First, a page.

I enjoyed this book a great deal. No matter where we live, there are wonders that we walk past every day. Unseen City widens our perspective by allowing us to view the world from the high-altitude eyes of a turkey vulture and the distinctly low-altitude eyes of a snail. The blurb describes the book fairly accurately so there isn't much to write in that department. However, all the additional little tidbits about city animals (pigeons, crows, squirrels, snails, ants, trees etc) was interesting and provides a new perspective on nature and our immediate environment. The writing is beautiful and the personal anecdotes don't detract (they add) to the experience of the book.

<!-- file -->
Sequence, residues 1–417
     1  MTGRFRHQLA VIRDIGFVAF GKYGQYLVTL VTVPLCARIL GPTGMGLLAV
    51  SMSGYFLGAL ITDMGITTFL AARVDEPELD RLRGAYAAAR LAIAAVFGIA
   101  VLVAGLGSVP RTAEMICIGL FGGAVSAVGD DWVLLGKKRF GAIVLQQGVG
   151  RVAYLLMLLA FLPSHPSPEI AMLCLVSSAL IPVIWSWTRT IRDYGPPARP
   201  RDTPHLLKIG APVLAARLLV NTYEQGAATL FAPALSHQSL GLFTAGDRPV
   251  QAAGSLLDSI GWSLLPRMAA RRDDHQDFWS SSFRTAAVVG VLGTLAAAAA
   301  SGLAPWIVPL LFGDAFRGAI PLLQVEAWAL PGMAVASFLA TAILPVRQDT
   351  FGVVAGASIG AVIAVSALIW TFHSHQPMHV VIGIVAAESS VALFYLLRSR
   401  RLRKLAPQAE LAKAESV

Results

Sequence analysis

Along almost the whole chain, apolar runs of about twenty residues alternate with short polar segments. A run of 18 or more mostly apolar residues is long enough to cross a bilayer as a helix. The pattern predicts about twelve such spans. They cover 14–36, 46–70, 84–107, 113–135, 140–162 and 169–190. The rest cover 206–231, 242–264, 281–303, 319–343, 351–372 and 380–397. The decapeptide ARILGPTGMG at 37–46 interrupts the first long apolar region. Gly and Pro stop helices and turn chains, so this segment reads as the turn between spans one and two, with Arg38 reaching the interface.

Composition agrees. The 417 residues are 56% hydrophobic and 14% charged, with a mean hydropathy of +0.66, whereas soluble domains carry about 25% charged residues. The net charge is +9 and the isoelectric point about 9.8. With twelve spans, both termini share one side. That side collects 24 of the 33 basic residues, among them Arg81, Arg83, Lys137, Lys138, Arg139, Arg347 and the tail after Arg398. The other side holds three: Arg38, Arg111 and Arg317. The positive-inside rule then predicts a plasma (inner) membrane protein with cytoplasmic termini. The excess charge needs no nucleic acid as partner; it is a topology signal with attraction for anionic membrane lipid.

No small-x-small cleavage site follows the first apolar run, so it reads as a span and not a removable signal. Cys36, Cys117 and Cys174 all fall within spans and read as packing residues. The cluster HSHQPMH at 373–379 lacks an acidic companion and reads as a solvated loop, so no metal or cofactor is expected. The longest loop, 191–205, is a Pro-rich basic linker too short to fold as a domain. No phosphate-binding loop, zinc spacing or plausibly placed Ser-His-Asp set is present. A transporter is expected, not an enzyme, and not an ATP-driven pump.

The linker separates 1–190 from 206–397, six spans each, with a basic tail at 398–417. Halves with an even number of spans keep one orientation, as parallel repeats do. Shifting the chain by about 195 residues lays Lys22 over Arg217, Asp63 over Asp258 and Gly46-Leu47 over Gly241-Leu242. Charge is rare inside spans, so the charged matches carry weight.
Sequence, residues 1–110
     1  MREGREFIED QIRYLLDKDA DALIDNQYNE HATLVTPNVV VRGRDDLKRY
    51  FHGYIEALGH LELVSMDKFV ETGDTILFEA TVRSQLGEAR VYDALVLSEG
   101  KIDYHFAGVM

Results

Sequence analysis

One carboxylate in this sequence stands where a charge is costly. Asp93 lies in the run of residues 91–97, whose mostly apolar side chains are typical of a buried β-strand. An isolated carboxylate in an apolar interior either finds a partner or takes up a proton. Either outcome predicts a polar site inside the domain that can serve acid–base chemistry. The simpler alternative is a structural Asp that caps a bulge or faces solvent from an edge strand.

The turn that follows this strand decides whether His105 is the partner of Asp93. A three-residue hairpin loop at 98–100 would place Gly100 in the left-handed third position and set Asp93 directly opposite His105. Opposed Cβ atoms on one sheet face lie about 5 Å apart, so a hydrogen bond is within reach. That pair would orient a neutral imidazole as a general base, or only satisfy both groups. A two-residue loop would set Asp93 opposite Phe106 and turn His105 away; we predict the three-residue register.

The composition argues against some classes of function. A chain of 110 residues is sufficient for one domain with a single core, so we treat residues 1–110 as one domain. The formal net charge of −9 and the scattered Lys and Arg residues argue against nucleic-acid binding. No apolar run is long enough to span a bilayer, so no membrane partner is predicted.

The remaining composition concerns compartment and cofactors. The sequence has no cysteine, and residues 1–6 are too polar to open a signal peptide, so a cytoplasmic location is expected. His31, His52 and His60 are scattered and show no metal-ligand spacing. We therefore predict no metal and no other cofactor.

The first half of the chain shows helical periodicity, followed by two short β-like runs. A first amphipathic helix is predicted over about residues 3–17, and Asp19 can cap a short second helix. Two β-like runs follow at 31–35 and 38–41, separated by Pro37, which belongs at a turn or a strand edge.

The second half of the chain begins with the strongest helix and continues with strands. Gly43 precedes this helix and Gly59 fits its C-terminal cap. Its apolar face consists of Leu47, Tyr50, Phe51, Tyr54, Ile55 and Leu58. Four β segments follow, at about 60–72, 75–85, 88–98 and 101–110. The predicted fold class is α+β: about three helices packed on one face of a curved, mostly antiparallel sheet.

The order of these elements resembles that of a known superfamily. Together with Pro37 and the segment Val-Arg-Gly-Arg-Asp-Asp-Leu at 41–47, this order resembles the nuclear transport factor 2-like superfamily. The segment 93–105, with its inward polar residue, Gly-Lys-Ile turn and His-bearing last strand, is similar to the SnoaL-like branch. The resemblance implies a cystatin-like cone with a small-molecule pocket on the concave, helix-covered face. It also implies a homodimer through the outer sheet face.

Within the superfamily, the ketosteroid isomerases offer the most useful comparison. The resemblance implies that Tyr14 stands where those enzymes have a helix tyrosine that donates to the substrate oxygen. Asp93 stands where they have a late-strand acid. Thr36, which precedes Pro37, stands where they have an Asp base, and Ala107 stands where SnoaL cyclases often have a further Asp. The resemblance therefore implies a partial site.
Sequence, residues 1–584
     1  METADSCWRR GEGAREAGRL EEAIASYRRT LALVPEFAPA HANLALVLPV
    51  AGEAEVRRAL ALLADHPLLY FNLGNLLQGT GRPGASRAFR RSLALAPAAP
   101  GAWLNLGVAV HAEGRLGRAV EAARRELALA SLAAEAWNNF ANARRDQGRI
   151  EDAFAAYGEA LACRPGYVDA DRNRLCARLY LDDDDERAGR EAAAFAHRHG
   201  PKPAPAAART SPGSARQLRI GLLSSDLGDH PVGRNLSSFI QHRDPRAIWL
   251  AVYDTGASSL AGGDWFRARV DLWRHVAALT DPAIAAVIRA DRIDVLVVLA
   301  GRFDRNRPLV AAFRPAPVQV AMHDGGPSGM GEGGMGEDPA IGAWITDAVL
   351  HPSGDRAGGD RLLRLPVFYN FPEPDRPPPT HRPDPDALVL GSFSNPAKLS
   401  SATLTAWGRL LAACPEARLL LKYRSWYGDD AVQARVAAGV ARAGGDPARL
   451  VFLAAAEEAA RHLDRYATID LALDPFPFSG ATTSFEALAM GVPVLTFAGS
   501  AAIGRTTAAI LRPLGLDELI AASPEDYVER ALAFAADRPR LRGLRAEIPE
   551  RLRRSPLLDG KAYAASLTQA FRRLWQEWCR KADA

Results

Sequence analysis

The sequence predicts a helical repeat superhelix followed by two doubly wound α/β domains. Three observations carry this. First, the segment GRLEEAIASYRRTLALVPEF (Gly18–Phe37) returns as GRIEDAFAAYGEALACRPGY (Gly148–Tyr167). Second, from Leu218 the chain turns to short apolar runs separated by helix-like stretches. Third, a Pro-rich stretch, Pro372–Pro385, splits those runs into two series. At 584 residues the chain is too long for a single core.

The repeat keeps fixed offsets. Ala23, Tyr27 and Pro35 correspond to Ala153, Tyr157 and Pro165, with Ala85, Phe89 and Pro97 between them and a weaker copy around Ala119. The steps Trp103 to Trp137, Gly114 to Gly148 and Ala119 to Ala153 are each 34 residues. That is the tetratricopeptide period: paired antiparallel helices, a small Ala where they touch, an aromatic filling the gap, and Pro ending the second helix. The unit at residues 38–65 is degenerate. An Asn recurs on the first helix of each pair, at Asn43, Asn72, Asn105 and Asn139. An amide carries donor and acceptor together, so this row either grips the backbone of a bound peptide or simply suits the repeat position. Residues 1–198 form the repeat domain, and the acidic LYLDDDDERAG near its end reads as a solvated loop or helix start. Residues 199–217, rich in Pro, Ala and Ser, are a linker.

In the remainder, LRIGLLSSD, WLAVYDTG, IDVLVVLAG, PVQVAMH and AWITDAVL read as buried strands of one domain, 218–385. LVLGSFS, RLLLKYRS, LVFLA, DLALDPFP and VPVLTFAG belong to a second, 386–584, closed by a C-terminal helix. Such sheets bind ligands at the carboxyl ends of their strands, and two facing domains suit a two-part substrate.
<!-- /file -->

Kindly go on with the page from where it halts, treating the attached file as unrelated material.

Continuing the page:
This isn't a popular science book as such, this is a get in touch with the world around you and see what is really there type of book. While this book isn't meant for children, I think parents with young children could benefit from reading it and exploring the world (garden/suburb/city) with their children the way the author has with his daughter. The author has also provided a useful bibliography so you can find more information on the specific topics he covers.
"We tend to think of nature and civilization as being irreconcilably opposed: Civilization's gain is nature's loss. but in fact, cities have become prime habitat for speciation, hybridization, and in short, rebirth. Certainly, civilization has upended the status quo in nature, but it is also proving to be a vehicle for a natural renaissance."